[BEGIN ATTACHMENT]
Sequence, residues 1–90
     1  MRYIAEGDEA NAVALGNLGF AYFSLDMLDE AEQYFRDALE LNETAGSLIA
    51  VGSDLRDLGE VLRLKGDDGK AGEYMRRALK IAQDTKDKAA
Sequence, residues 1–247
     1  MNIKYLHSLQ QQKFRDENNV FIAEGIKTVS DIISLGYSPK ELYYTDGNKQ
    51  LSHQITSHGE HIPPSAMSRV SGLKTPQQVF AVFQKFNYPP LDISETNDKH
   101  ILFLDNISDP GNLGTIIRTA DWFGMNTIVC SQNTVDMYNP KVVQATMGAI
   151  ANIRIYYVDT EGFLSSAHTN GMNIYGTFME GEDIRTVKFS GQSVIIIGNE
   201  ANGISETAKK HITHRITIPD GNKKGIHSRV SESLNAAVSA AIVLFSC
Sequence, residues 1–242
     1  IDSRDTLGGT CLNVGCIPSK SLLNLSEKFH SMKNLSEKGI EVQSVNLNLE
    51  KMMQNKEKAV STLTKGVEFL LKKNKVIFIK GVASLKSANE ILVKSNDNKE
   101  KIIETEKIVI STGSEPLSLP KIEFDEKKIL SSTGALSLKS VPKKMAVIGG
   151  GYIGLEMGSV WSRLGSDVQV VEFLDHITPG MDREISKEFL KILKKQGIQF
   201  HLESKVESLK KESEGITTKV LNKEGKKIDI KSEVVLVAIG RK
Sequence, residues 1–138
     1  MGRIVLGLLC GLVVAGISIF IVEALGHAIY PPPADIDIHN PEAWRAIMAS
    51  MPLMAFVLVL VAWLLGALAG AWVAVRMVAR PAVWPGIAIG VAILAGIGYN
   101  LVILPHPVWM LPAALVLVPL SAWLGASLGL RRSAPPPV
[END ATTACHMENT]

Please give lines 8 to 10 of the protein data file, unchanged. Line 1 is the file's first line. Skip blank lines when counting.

   151  ANIRIYYVDT EGFLSSAHTN GMNIYGTFME GEDIRTVKFS GQSVIIIGNE
   201  ANGISETAKK HITHRITIPD GNKKGIHSRV SESLNAAVSA AIVLFSC
Sequence, residues 1–242